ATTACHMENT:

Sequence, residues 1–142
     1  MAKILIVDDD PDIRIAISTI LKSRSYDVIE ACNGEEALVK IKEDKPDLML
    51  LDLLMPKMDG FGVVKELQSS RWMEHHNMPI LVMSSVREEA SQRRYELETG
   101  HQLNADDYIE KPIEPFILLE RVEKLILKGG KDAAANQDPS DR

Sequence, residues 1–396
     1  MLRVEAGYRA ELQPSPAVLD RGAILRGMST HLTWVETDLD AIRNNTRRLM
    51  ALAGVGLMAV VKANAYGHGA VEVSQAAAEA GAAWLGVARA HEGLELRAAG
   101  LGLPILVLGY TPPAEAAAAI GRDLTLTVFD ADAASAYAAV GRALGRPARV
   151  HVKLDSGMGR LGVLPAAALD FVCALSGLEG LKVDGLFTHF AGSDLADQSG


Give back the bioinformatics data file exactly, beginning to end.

Sequence, residues 1–142
     1  MAKILIVDDD PDIRIAISTI LKSRSYDVIE ACNGEEALVK IKEDKPDLML
    51  LDLLMPKMDG FGVVKELQSS RWMEHHNMPI LVMSSVREEA SQRRYELETG
   101  HQLNADDYIE KPIEPFILLE RVEKLILKGG KDAAANQDPS DR

Sequence, residues 1–396
     1  MLRVEAGYRA ELQPSPAVLD RGAILRGMST HLTWVETDLD AIRNNTRRLM
    51  ALAGVGLMAV VKANAYGHGA VEVSQAAAEA GAAWLGVARA HEGLELRAAG
   101  LGLPILVLGY TPPAEAAAAI GRDLTLTVFD ADAASAYAAV GRALGRPARV
   151  HVKLDSGMGR LGVLPAAALD FVCALSGLEG LKVDGLFTHF AGSDLADQSG